TALLAHASSEE, Fla. – A bill introduced in the Florida legislature would make it mandatory for public school students to get vaccinated for human papillomavirus.
Senate Bill 1558 would require the HPV shot for all school children. Rhode Island, Virginia and Washington D.C. have similar mandates for the HPV vaccine, according to the National Conference of State Legislatures.
State Sen. José Javier Rodríguez, D-Miami, filed the bill on Jan. 4. A similar measure introduced in 2011 failed.
The vaccine, now given as a series of two shots, is recommended for boys and girls ages 11 and 12, according to the Centers for Disease Control, to prevent against the infection that can cause a range of cancers, including cervical, anal, throat and neck, and vaginal.
"The preference is to start the vaccine series before someone would be exposed to the HPV virus," said Jylmarie Lewis with the Florida Department of Health in Hillsborough County.
Most people who become infected with HPV do not know they have it and can show no symptoms, according to the CDC, which states that the body’s immune system is usually capable of ridding the HPV infection naturally within two years.
Rates of vaccination for HPV have steadily increased in the past decade nationwide but Florida remains among states with some of the lowest rates, according to the CDC, while our state has one of the highest rates of cervical cancer.
"We're close to eliminating a cancer and the first cancer we're going to see eliminated is cervical cancer and the way we do that is to get as many people vaccinated as possible," said Dr. Ann Giuilano, director of the Center for Infection Research at the Moffitt Cancer Center in Tampa.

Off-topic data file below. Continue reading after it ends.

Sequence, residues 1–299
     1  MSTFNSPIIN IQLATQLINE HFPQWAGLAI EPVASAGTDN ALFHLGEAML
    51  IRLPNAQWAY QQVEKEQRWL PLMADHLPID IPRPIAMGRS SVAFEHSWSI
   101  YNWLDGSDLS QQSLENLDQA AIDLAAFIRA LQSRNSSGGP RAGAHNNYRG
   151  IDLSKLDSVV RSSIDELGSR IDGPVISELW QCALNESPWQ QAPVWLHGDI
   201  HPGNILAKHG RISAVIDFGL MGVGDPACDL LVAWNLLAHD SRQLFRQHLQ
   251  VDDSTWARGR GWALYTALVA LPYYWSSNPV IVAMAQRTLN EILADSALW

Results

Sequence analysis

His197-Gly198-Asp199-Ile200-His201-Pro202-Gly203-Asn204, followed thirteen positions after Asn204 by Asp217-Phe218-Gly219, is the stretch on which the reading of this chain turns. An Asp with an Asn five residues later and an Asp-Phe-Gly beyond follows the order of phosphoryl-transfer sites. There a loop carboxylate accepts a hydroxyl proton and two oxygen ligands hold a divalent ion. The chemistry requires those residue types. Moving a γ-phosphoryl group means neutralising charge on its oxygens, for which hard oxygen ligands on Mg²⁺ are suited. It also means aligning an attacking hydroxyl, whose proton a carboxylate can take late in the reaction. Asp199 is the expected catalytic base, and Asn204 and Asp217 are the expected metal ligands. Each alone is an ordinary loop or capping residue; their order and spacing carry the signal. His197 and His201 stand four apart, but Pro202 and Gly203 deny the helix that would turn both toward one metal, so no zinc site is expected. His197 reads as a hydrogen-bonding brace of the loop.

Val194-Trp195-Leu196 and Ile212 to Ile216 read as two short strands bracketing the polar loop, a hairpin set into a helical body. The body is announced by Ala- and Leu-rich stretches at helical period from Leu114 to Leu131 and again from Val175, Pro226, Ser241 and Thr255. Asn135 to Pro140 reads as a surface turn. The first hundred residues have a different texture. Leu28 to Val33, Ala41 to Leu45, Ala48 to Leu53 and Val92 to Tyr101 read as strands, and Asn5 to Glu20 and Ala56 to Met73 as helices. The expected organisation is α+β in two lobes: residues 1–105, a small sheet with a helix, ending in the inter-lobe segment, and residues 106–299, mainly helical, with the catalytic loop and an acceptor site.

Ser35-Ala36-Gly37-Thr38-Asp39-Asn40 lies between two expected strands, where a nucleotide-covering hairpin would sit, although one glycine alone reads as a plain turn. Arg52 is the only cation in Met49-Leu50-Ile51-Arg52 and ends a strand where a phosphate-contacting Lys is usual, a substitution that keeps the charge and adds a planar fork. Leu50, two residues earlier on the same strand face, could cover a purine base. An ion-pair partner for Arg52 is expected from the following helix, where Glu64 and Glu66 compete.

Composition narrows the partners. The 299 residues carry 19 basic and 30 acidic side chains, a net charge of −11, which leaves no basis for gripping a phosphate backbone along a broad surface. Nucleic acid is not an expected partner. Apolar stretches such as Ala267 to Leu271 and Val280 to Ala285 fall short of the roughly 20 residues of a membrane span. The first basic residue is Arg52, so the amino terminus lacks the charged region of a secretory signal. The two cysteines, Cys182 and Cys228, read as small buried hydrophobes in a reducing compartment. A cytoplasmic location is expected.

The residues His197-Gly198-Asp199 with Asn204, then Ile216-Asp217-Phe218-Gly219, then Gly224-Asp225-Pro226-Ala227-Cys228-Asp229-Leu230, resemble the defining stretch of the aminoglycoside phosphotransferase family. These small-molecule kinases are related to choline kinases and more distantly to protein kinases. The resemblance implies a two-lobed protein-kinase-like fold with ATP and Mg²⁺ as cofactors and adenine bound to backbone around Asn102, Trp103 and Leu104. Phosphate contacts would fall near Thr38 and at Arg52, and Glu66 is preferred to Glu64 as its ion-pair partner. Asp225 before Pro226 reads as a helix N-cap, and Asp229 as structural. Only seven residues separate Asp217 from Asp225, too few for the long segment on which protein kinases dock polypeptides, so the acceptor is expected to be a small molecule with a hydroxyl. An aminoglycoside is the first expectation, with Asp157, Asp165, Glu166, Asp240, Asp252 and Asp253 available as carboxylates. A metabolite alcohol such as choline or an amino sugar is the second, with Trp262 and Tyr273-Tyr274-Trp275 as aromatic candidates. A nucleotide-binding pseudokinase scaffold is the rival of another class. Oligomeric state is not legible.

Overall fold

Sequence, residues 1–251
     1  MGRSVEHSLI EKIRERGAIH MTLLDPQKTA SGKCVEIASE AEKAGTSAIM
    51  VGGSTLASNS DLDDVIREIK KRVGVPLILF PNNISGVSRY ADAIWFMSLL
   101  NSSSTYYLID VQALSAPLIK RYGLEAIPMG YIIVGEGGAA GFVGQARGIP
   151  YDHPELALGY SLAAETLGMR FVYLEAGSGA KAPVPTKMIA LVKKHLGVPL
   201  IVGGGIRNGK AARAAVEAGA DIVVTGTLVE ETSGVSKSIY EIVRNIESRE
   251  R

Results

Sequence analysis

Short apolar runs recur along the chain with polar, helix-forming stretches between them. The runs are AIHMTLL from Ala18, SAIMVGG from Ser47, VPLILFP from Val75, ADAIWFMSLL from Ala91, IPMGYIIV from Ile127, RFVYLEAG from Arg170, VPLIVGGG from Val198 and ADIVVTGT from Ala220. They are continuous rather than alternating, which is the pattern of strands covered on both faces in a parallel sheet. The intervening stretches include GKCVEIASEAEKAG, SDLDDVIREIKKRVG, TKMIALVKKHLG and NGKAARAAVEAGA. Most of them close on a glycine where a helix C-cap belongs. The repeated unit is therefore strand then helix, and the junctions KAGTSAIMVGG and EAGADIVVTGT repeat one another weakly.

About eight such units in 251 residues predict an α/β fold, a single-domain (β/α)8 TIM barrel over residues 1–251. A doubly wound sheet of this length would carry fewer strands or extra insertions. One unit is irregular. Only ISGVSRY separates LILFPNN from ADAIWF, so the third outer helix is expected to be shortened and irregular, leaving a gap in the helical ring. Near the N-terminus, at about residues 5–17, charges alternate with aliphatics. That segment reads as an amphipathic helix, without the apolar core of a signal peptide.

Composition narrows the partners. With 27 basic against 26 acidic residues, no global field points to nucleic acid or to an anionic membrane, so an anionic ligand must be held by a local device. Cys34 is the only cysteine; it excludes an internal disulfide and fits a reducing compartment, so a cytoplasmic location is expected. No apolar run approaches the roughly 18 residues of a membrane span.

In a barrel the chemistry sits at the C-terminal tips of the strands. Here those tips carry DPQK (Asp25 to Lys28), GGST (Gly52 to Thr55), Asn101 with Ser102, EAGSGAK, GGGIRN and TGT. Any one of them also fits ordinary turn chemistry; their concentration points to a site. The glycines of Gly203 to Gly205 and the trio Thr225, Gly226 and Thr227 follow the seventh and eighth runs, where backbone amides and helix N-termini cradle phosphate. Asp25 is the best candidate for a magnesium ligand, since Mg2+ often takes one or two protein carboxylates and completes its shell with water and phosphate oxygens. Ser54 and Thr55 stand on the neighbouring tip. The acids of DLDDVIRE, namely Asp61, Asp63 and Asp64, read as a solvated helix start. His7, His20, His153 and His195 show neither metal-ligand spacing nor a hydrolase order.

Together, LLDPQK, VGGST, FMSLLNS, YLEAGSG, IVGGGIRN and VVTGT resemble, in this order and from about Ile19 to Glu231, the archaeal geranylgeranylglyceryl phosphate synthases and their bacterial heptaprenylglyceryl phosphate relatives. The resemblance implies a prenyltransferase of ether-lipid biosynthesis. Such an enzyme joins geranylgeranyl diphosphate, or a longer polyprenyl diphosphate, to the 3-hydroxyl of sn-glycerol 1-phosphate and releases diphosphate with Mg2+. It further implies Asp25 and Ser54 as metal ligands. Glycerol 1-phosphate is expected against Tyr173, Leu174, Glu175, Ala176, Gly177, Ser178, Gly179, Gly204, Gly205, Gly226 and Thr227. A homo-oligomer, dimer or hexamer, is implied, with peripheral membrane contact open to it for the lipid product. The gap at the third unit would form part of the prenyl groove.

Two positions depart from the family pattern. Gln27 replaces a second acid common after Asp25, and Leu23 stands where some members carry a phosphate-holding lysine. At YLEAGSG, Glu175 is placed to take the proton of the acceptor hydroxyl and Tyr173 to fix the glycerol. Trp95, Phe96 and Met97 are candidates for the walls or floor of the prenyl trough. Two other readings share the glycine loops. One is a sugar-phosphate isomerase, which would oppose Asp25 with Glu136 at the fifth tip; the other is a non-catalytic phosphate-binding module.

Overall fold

Giuliano, a researcher who led some of the HPV vaccine clinical trials that lead to its FDA approval, says her son was one of the first males to be vaccinated when the HPV vaccine became available to men.
If passed, the bill would be called the “Women’s Cancer Prevention Act” and take effect on July 1.
The bill would also include procedures for exempting children from immunization requirements. The opt-out is exactly the same as what is current for any other vaccines, which is that you can claim religious or medical reasons and get a waiver from the Health Department, according to a spokesperson for Rodriguez's office.
A 2016 study published in journal Cancer Epidemiology, Biomarkers & Prevention found just one in five parents supported making the HPV vaccine a requirement for students, but attitudes shifted if the requirement included an opt-out option.
Shannon Green, a mother of two in Tampa, says her experience with her own childrens' adverse reactions to vaccines is cause for pause on a proposal which would mandate another vaccine for public school children.
"My children have genetic variations, MTHFR gene variations, that I'm actually able to get medical exemptions for," she said, adding it's an exemption which was difficult to secure.
Green says she is not opposed to vaccines but believes it should always be a choice for parents.
"If we cannot make that decision, that's a major problem," she said. "We should be able to say 'yes' or 'no' if there's a risk."
The CDC maintains the HPV vaccine is safe with side effects that can include pain, redness, or swelling in the arm where the shot was given, fever, nausea or muscle or joint pain.
Immunizations are already required for poliomyelitis, diphtheria, rubeola, rubella, pertussis, mumps, tetanus, and other communicable diseases as determined by rules of the Department of Health.
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